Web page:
Put bluntly, over the course of (I would estimate) twenty-five to thirty early scenes – some of them short and intimate, others much longer, more broad brush and on a grander public scale – the makers of this film have felt obliged to cram in just about every well-known Churchill anecdote and joke or quote (either told by him or told about him by others) that ever saw the light of day.
The effect is quite disconcerting.
On one level, largely due to Gary Oldman’s brilliance as an actor, (I like to think) the onlooker gains a worthwhile insight into what Winston Churchill was actually like in real life. Which is probably half the reason that anyone would go to see this film.
But, on the other, it is rather like watching a famous stand-up comedian wandering around his house or house simply spouting the punch-lines to some of his best known jokes – as were de facto written by him over the course of say four decades’ worth of touring the music halls of Great Britain.
Nor does the scene when Churchill jumps out of a car, enters a London Underground station, boards a crowded Tube train, introduces himself to everyone and then proceeds to perform ten minutes’ worth of classic ‘Churchill speak’ with all of them fawning over him, including one young black man who helpfully joins in with and continues performing an epic poem that Churchill is quoting from.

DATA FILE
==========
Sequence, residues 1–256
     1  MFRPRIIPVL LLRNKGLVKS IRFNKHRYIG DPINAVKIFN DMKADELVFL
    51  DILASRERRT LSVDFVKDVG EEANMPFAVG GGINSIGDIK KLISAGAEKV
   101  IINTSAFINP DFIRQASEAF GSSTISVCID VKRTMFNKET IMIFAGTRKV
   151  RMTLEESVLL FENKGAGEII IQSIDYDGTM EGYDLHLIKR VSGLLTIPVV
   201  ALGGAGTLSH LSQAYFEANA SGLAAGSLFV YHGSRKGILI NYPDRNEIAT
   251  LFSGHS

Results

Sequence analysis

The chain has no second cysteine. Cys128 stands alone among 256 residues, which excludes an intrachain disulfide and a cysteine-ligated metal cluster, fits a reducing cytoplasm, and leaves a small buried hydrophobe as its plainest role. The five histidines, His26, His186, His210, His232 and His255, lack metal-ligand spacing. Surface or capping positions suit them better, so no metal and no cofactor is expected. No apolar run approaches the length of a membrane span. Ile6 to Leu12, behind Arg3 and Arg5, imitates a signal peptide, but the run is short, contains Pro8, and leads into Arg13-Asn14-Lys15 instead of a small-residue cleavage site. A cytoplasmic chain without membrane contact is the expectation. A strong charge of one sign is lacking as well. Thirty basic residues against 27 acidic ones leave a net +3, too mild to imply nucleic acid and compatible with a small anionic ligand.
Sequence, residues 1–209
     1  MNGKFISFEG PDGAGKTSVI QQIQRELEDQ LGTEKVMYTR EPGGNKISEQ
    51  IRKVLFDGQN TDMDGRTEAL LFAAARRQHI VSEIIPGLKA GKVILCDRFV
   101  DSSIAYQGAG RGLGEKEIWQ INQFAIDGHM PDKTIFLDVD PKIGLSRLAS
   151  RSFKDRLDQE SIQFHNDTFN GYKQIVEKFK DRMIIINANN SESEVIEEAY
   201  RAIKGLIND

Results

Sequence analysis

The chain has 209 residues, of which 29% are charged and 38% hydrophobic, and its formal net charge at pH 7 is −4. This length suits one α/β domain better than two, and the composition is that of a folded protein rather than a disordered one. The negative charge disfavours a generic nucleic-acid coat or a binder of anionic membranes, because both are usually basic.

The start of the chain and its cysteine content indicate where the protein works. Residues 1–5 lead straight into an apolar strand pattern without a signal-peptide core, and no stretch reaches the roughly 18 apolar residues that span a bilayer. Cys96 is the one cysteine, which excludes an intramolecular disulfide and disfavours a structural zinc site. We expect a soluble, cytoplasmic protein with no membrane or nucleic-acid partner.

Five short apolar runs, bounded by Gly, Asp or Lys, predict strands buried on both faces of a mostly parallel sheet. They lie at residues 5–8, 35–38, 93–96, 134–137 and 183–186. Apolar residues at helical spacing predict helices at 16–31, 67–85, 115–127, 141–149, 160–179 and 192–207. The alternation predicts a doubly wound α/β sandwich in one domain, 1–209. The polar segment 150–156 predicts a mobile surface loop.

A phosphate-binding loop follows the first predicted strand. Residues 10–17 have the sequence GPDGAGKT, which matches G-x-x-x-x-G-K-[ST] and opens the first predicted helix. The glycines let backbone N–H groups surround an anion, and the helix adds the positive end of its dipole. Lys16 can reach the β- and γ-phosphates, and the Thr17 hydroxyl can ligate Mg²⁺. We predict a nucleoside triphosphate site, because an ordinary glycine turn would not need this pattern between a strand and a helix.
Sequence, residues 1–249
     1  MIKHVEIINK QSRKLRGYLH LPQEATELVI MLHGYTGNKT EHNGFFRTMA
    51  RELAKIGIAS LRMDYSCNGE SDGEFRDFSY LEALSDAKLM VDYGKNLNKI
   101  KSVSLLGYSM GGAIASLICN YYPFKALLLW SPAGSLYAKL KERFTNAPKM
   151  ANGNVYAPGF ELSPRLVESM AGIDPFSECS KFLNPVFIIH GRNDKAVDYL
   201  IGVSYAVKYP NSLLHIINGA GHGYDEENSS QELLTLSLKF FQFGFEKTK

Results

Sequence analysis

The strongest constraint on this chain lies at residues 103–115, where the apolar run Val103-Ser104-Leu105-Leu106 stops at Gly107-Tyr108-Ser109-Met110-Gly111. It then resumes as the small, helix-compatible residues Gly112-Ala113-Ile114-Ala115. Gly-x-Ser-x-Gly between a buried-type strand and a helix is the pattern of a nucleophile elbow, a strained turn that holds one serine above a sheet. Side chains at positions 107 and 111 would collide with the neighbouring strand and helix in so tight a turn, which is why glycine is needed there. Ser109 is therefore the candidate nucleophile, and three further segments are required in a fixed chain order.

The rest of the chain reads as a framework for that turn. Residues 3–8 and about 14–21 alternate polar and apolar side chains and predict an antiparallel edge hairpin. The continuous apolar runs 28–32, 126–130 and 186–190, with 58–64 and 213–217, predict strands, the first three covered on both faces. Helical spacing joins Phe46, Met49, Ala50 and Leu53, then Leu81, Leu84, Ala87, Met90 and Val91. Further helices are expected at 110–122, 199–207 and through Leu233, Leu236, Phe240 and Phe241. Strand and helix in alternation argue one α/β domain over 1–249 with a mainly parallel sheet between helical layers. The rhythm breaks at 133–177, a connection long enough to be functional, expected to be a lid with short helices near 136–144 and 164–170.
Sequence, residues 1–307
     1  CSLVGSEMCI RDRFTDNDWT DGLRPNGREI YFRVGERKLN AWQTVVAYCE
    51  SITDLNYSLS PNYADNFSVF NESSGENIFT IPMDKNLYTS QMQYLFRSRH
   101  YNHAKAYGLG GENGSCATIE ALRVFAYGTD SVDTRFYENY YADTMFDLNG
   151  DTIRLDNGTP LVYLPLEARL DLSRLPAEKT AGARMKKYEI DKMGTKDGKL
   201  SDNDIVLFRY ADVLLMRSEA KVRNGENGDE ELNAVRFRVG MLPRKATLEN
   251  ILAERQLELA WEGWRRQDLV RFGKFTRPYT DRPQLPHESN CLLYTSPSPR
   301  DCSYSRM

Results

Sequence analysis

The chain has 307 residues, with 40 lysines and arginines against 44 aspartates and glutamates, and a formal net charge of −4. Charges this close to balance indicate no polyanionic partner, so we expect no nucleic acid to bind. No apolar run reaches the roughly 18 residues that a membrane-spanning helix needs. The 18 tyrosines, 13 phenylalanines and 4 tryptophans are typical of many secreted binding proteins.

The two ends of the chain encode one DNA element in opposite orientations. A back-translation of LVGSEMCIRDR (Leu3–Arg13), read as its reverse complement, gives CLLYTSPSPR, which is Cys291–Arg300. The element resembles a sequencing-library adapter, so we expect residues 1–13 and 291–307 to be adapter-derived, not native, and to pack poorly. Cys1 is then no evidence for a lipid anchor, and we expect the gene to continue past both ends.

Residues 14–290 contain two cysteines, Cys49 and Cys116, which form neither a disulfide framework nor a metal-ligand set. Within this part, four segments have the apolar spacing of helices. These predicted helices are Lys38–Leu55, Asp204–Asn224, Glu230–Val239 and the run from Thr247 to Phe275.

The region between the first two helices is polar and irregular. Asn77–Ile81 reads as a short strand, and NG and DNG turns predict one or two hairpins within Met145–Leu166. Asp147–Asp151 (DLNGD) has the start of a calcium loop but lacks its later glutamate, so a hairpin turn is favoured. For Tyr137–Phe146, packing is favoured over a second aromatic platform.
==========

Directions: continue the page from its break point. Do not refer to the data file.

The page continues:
Futhermore, as an aside – and I’m not necessarily here drawing a parallel between Britain in 1940 and the Brexit debate – but it would be a little as if, having just faced the complications and passions of a full-on Brexit debate in Parliament, Mrs May were to have escaped for an afternoon down the Tube, asks some London commuters what they feel about Europe … and gets a series of vox pop replies, all of them saying “Brexit! – we shall never surrender, we shall keep fighting, whatever the cost!“
On his radio show Mark Kermode criticised this scene as unbelievable to the point of absurdity – and I totally agree with him. For me it actually hammered the last nail into the coffin of my verdict upon the film as a whole.
It’s always difficult to write a script in which real life history is involved – in the sense that the audience will already know not only the story but the outcome – and you are going to have to ‘create’ fictitious dialogue or scenes in order to get certain themes or issues across. I know because I’ve tried.
The truth is that a ‘dramatic licence’ doesn’t even get to first base as regards its goal when it just doesn’t come across as authentic or believable.